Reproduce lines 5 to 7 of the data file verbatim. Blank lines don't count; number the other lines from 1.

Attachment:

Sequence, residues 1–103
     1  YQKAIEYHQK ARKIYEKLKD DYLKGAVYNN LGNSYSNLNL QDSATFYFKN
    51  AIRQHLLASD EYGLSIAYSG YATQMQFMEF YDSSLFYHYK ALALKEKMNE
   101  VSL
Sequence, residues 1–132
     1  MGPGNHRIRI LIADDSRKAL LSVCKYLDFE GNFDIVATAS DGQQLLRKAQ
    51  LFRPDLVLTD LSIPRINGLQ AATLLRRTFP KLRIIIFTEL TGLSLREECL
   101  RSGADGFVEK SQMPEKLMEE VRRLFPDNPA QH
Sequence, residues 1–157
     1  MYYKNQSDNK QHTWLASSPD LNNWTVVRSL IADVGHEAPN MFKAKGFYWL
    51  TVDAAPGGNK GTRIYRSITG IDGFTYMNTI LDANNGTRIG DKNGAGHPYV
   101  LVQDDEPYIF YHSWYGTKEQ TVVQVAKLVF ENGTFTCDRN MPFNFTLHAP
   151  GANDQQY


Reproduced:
Sequence, residues 1–132
     1  MGPGNHRIRI LIADDSRKAL LSVCKYLDFE GNFDIVATAS DGQQLLRKAQ
    51  LFRPDLVLTD LSIPRINGLQ AATLLRRTFP KLRIIIFTEL TGLSLREECL